Five Fancy Finger Fonts [resource]

Have you ever wished you could type out ASL fingerspelling letters as easily as regular letters? I’ve scoured the interwebs to find five great fonts that will allow you to do exactly that. These fingerspelling fonts will instantly give any publication a special Sign Language flair.

I Love ASL

Graphic by Joseph Kotvas. Finger Alphabet Graffiti font designed by Tanja Shulz.

1. Gallaudet (Free*)

For years, I’ve been using the Gallaudet font, created by David Rakowski in 1992. Just about everyone else has, too! Named after the minister who helped bring Sign Language to America, Gallaudet is freely available, it has been around since the internet was a wee child, and its licensing agreement is simple. Feel free to download and install this font after donating an unspecified amount to a charity of your choice! If you’re having trouble deciding where to donate, contact me; I can help. 🙂

Gallaudet Font

Download Gallaudet

Signs Language TBF (Free)

This is another free font, and it looks like it could be Gallaudet’s bilingual cousin. Actually, while I don’t know for sure, the two fonts are so close that I suspect someone simply took the Gallaudet font, strengthened the strokes, and added a questionably helpful box with the corresponding English alphabet character in the lower right-hand corner. Don’t use this one for flash cards, folks. It’s just not honest.

signs-language-tfb-font

Download Signs Language TBF

Finger Alphabet Graffiti

Our final free fingerspelling font comes from Tanja Shulz in the form of a four-fingered hand.. (I know, I know. Alliterative much?) This is a highly stylized font, with only four fingers instead of five to complete each character. It’s a fun font, so check it out. Use, however, however, with discretion. This font may be best utilized for teen activities and events rather than, say, orders of service.

Note: When you install this font on your computer, it will appear in your font selection menu as zoefingerabc graffiti. Just scroll to the end and you’ll see it.

finger-alphabet-graffiti-font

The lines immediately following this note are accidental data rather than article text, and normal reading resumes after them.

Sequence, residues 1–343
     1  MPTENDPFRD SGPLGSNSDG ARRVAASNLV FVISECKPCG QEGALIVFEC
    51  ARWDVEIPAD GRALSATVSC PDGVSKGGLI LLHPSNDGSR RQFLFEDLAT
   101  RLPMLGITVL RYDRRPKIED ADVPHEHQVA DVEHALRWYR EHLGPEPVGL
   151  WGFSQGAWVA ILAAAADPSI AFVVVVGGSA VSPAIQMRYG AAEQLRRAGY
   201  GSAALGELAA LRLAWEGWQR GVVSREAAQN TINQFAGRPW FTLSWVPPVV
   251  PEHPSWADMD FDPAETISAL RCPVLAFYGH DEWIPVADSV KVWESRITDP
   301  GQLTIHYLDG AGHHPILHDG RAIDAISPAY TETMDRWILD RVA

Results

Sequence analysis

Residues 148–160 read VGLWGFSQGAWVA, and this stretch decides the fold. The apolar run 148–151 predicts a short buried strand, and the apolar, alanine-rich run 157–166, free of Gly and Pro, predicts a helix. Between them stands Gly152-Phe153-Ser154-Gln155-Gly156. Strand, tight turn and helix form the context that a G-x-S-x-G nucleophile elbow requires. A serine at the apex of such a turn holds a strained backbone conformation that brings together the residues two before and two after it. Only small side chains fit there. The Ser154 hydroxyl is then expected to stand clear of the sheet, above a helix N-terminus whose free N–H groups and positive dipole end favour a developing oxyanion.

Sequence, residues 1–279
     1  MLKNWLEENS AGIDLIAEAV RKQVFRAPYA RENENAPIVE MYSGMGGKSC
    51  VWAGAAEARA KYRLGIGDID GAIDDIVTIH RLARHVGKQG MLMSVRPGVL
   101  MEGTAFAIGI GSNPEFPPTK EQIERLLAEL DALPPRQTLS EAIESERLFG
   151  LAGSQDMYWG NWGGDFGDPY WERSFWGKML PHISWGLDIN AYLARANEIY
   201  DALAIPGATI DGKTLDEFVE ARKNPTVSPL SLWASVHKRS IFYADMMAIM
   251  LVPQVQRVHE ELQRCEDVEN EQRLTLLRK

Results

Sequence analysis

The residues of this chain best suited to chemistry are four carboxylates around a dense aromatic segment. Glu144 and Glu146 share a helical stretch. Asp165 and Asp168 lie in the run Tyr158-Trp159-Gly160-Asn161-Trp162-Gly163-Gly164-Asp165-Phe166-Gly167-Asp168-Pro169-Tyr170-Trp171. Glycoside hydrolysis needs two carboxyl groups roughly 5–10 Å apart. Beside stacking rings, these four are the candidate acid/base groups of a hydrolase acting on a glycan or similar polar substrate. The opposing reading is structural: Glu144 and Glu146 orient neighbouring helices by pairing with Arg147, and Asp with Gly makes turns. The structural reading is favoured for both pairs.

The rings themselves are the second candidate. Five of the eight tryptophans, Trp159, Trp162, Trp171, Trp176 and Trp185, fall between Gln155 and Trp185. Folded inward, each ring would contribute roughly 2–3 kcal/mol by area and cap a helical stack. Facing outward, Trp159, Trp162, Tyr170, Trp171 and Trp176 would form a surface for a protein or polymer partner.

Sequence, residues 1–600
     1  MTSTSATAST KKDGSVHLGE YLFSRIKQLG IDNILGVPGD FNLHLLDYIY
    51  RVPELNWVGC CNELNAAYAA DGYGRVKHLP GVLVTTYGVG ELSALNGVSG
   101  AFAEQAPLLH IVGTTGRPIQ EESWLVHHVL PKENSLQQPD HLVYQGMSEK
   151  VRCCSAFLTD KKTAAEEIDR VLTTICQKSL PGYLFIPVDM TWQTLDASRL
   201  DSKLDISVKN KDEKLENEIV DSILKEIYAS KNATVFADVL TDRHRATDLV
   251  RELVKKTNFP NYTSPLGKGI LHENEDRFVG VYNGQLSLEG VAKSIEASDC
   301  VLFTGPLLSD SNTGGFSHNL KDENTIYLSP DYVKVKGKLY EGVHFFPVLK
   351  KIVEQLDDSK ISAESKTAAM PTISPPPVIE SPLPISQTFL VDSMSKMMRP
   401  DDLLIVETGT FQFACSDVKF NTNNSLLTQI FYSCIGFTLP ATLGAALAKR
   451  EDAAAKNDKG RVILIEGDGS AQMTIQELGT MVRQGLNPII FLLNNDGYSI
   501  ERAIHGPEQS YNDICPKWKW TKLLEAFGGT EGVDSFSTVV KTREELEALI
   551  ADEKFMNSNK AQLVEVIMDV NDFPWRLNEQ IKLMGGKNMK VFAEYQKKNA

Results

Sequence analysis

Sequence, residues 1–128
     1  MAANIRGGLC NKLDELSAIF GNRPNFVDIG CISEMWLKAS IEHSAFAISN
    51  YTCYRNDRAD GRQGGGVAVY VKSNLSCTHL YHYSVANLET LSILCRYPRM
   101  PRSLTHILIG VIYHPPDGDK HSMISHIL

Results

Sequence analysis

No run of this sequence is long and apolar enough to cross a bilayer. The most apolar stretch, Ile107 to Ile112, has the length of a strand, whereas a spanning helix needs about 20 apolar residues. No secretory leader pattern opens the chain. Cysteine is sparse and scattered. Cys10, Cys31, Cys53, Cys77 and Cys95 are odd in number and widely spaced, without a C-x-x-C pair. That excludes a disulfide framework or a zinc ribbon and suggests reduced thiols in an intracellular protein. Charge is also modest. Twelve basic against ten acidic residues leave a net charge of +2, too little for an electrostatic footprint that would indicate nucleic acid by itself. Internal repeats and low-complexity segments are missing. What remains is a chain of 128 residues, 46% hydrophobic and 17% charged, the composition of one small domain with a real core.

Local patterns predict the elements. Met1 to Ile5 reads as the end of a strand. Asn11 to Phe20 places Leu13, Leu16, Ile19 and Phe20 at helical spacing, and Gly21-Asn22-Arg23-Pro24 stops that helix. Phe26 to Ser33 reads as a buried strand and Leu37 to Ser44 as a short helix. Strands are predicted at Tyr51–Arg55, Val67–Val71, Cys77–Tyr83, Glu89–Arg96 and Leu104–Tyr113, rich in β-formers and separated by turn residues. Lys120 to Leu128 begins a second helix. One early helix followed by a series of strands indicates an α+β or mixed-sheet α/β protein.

Download Finger Alphabet Graffiti

Handtext

If you’re looking for something classy and clean, and you’re willing to pay for it, Handtext may fit the bill like a glove, if you’ll pardon the mixed metaphor. This font was designed by Joachim Lapiak in 2007, and it looks great. There are two variants: the regular font and Handtext Bold, which provides a striking contrast. Handtext Bold and Regular are available for purchase on Joachim’s website, Lapiak Design.

handtext-font

Purchase Handtext

Hand Sign Regular

This fingerspelling font by Dubius Deflon also includes a variety of other hand shapes mapped to different symbols you can type on your keyboard. Do be careful what you type, though; you’ll find certain hand shapes in this font that are, shall we say, dubious. Use at your own risk.

hand-sign-regular

Purchase Hand Sign Regular

Using Fingerspelling Fonts

How should we use these fonts in your projects?

  • Don’t use fingerspelling fonts for long passages of text. These fonts are designed to be used in short headlines and statements. They are not effective for paragraphs of text. Remember, fingerspelling is not the same as Sign Language. English written with a sign font is still English. Because of this, Deaf people who do not know English well will also struggle to read ASL fingerspelling fonts, while Deaf people with great English skills will read regular fonts much more quickly and easily than fingerspelling fonts. If your goal is to make information more accessible to low-verbal Deaf, consider sharing a video with the message recorded by an expressive signer in Sign Language.
  • Do use fingerspelling fonts to add visual character. Fingerspelling fonts are most effective when used to add visual appeal to a Deaf-themed production. They can be used in titles, headings, and illustrations on flyers, bulletins and slide shows. The Sign Language numbers in these fonts can be used as the bullets for numbered lists, or as page numbers in a booklet related to Sign Language or Deaf ministry.
  • Do use fingerspelling fonts in teaching materials and games. Fingerspelling charts and practice flash cards can use these fonts effectively, as can Sign Language games and activities. Word search puzzles, assemble-a-phrase games where two teams compete to be the first to put letters in the correct order… the possibilities are many. Get creative!

Do you know of any other fingerspelling fonts available for download or purchase? Are you using fingerspelling fonts in your own projects? Share your experience in the comments for this  article.